We all know that feeling of clogged ears during an airplane flight. You chew gum, swallow, yawn, or plug your nose and blow with your mouth shut in order to unclog them. Most of the time, this does the trick. However, many people with undiagnosed ear and nose conditions regularly experience ear pain during flights. If you have a pre-existing condition, whether it’s a cold, an ear infection, a sinus infection, or the flu, going on an airplane can cause discomfort and temporarily worsen the condition.
Firstly, it is important to monitor your health regularly to prevent getting sick. Secondly, if you are experiencing any symptoms, early intervention and treatment is the key to avoid a full-blown sickness. Some symptoms are more serious than others, so it can be difficult to determine when to avoid certain activities and seek medical attention.
Sinus Infection Symptoms:
- Facial pressure or pain
- Nasal congestion
- Elevated temperature
- Reduced sense of smell
- Thick nasal discharge that is yellow or green
If you experience at least three of these symptoms at a time, it likely indicates a sinus infection that can be treated with antibiotics. If you suffer from at least three sinus infections a year, this most likely indicates acute or chronic sinusitis. Thankfully, there are safe and effective treatment options for this recurrent condition, including the Balloon Sinuplasty procedure.
Flying with a sinus infection or sinusitis is not dangerous, but it will cause you significantly more discomfort and pain. To make the flight easier on your sinuses, make sure to pack nasal spray, tissues, and any medications you may require into your carry on. In addition, it is important to stay hydrated and avoid drying out the nose. Once on the plane, order a cup of tea and breathe in the steam before drinking it.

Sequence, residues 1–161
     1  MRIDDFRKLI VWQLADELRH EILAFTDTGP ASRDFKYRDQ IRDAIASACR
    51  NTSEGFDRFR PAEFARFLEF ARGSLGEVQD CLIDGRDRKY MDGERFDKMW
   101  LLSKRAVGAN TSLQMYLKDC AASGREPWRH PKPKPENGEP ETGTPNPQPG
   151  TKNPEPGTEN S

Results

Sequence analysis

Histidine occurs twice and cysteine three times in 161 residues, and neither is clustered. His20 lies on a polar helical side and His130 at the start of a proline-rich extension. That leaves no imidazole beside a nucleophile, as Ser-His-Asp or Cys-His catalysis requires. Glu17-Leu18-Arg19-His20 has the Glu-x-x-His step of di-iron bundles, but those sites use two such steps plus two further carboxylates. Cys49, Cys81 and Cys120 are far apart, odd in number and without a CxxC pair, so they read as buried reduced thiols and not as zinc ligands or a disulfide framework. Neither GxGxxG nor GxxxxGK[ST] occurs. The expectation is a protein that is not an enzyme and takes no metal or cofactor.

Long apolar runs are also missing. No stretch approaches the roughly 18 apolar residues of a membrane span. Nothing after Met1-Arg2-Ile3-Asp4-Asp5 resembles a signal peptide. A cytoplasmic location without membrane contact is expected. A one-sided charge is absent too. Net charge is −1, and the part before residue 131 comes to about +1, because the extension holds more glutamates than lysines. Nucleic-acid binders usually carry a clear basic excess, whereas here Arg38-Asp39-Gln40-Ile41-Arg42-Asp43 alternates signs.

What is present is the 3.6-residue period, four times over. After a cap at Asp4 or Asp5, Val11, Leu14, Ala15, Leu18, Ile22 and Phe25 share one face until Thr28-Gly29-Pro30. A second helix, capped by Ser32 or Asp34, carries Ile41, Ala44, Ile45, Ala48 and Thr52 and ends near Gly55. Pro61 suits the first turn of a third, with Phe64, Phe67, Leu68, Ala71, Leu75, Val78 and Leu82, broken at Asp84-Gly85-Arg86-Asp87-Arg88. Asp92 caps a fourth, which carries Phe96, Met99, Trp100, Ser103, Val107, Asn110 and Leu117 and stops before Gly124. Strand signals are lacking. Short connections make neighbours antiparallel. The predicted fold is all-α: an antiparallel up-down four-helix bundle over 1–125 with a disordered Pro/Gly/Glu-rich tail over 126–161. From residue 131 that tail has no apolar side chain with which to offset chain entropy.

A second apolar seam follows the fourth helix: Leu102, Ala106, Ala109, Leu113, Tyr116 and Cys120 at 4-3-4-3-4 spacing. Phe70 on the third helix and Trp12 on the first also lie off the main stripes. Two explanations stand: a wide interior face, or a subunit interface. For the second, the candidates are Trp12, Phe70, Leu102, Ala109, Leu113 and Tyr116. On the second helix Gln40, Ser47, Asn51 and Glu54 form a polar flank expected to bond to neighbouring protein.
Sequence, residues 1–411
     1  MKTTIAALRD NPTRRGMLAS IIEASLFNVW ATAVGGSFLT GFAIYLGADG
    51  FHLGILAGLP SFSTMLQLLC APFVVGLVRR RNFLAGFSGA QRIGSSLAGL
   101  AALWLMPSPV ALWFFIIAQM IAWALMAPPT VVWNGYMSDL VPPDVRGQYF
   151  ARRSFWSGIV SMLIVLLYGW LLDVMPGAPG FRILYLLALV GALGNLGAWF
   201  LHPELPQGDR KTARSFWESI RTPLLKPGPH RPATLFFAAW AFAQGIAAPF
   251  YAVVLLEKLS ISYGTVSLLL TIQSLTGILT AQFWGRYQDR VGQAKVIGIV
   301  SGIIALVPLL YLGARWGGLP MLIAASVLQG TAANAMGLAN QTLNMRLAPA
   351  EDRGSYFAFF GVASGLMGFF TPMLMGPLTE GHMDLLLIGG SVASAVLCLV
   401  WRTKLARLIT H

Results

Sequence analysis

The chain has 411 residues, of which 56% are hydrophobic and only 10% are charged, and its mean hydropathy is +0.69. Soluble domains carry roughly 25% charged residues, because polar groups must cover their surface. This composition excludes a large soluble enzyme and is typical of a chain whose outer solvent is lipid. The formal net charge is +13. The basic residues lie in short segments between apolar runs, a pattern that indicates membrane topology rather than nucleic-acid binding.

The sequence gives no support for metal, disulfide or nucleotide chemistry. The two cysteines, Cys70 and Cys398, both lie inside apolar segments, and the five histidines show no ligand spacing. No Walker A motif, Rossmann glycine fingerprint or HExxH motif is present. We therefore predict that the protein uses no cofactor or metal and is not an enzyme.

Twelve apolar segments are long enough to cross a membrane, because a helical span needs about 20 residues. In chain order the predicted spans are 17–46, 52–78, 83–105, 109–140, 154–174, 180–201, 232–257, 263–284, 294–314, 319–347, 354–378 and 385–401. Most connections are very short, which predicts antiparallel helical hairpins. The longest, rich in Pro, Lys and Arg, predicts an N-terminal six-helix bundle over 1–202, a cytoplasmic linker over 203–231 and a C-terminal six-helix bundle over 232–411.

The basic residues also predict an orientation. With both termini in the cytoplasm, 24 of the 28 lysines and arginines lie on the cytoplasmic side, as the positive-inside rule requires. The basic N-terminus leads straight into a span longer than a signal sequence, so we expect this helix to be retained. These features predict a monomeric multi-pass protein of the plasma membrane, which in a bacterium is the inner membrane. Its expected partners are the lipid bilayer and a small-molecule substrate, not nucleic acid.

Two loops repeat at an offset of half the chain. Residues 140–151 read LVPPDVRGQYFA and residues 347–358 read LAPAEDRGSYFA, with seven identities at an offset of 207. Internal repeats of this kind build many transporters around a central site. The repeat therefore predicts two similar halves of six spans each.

Eustachian Tube Dysfunction
Sinus issues aren’t the only thing that can cause ear pain during flying. The eustachian tubes, small passageways that connect the throat to the middle ear, are often times the culprit for such symptoms. These tubes are responsible for equalizing ear pressure and draining fluid from the middle ear. The eustachian tubes are usually closed except for when you chew, swallow, or yawn. However, sometimes they can get clogged, causing ear fullness, ear pain, and decreased hearing. This is usually caused by allergies or illnesses like sinus infections and common colds. You may be at heightened risk for eustachian tube dysfunction if you are obese, smoke regularly, or have allergies. Children can develop ETD more easily than adults, due to their small ears and decreased immune activity.
ETD is not dangerous to fly with, but it can cause heightened levels of ear fullness, pain, and discomfort. Similar to sinus balloon dilation, there is a eustachian tube balloon dilation procedure that can help permanently restore your ears back to normal.
Flying with ear and nose conditions can be bothersome, but the Breathe Sinus team is here to help you! Don’t suffer silently anymore, call (219) 300-9153 or schedule an appointment with Dr. Jack Patel online!